RomneyCare 3.0

However Justice Kennedy votes, the Supreme Court’s action will not end the health care debate. A partial (seems likely)  or complete (possible) overturning of Obamacare will leave a large mess to be cleaned up. Likewise, affirmation would leave a large mess and a central election issue.

There is more than a little truth to Rick Santorum’s claim that nominating Mitt Romney puts at risk a major issue on which the voters side 56 to 39% with the Republicans – but only if Romney plays defense and does not  follow “Repeal” with “Replace”. This is one subject about which Mitt Romney has a deep understanding, and one which plays more easily in the election than in the primaries.  Lets hope that by summer he plays offense with a proposal about like this:

1. Obamacare has shown the dangers of a government take-over of health care in terms of intrusion into individual liberties, real financial costs, and an unacceptable burden on businesses and jobs. We need to start over, regardless of the Supreme Court’s decision. But we will start over.

2.  RomneyCare 3.0 (probably not a term that he will use) will be based on several realistic principles:

a. The demand for health care is infinite. The question is whether it is rationed by the government (“death panels”) , by private entities (employers; insurance companies); or by the individual (health saving accounts; choices on scope/cost of insurance purchased; co-pays). Republicans favor more decisions by the individual and fewer by the government.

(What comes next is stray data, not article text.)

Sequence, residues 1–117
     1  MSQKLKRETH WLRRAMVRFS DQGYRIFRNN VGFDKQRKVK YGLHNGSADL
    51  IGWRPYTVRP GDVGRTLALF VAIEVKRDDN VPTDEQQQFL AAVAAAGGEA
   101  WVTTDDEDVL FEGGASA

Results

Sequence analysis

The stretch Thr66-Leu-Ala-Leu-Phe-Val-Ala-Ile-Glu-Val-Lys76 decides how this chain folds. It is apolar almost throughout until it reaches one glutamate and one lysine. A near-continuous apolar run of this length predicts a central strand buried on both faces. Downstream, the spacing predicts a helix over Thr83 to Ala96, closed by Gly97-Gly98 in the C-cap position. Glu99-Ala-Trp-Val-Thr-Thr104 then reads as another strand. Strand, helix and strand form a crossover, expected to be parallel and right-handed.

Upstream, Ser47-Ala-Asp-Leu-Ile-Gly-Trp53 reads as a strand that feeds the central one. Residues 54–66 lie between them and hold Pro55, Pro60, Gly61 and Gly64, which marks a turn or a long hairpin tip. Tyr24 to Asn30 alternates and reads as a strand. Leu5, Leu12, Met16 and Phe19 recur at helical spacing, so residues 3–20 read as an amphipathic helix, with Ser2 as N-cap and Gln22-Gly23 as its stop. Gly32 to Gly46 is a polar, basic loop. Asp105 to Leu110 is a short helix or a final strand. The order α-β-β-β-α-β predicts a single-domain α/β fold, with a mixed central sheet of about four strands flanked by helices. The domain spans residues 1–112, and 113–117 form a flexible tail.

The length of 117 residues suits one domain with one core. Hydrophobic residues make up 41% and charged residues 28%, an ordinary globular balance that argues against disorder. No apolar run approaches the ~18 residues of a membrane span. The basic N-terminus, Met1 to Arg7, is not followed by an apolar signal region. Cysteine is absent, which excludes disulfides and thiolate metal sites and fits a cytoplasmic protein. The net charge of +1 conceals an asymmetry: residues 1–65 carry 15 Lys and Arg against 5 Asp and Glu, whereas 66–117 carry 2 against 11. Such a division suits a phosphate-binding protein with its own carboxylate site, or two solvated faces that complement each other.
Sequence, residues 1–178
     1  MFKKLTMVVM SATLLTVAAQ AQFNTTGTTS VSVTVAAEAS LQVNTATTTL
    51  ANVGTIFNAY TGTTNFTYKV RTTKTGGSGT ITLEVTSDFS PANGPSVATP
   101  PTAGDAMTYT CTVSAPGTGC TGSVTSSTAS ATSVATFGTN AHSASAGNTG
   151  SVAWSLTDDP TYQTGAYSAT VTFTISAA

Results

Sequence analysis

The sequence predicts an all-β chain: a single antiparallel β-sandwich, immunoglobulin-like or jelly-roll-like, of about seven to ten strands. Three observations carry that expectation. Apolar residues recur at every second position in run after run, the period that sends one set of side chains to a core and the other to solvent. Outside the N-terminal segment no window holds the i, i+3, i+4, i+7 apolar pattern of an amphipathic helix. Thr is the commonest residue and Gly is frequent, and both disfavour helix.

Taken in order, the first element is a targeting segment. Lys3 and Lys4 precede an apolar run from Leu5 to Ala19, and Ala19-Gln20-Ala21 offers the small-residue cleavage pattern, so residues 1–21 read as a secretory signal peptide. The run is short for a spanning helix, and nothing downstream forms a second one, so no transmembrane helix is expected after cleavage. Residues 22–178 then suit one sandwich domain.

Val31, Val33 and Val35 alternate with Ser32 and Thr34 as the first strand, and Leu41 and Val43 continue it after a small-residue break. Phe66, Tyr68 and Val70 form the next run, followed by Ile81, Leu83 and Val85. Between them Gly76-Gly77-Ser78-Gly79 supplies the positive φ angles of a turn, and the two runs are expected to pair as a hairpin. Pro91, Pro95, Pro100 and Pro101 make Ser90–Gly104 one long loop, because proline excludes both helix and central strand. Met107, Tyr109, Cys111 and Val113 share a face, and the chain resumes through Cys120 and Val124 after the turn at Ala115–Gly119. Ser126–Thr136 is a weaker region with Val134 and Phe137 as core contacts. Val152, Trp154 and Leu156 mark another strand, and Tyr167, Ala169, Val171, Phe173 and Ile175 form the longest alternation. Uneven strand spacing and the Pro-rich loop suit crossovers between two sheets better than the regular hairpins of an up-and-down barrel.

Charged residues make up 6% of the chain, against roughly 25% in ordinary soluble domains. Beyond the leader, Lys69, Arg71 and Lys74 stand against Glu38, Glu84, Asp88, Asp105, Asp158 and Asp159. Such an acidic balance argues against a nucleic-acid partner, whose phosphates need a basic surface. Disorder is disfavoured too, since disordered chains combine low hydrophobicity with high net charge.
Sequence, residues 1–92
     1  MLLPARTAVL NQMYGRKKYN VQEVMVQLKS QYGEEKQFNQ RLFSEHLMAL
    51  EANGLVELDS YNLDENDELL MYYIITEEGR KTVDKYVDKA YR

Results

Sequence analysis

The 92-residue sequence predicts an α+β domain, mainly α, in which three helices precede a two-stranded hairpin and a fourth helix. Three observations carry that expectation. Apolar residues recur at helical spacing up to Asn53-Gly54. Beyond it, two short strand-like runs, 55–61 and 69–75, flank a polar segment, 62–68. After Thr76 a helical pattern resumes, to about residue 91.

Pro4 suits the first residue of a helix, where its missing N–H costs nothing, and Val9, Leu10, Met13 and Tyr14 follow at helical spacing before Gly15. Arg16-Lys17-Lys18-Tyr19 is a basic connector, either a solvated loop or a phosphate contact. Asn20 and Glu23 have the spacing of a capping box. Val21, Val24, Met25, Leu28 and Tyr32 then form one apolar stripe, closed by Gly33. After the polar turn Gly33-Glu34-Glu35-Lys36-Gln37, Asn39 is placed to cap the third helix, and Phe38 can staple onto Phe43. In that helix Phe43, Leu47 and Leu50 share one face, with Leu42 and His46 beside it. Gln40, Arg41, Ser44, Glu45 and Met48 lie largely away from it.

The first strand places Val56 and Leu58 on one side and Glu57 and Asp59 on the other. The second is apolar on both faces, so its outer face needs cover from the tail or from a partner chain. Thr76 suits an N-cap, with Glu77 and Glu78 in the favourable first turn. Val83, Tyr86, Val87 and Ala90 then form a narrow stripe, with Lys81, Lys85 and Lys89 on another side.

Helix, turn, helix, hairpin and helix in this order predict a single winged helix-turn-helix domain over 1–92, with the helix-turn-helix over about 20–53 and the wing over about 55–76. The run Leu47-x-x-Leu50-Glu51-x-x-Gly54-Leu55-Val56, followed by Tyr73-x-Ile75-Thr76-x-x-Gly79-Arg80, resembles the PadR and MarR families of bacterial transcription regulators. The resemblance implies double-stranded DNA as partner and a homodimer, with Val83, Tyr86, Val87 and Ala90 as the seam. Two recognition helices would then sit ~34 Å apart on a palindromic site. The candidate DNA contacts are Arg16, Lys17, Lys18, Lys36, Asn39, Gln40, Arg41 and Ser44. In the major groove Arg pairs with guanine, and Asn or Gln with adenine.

b. Our society can afford a minimum level of medical care for all citizens. It is best to not have this occur in the emergency room. A voucher or tax credit system would cover all citizens and leave decisions in their hands. Citizens who wish to should be able to pay more for greater coverage as with Medicare.

c. Our current system is unnecessarily expensive. Medicaid should be structured as block grants to the states who would set their own parameters. Insurance should be purchased across state lines. Tort reform is needed to limit the cost of lawsuits and unnecessary tests. Federal agencies should be allowed to negotiate with pharmaceutical companies. Employer plans should be voluntary.  In short, all of the special interest compromises to buy support for Obamacare should be voided.

The Democrats are hoping that the public is tired of this discussion, that the amount of confusing detail and conflicting claims will prevent voters from re-thinking the controversy of 2009 – and that the simple alternative is “Medicare for All”.  What is needed by the Republican candidate is not cautious abandonment of the issue in the election – what is needed is a set of clear principles and good speechwriters. It would also help if there were a specific bill for John Boehner and Mitch McConnell to pass and President Romney to sign early in 2013.


This week’s “bonus” is the brief section of Justice Anthony Kennedy’s discussion of the “individual mandate” in which the swing vote seems to lean heavily against the Obama administration’s lawyer – who incorrectly calls him the Chief Justice.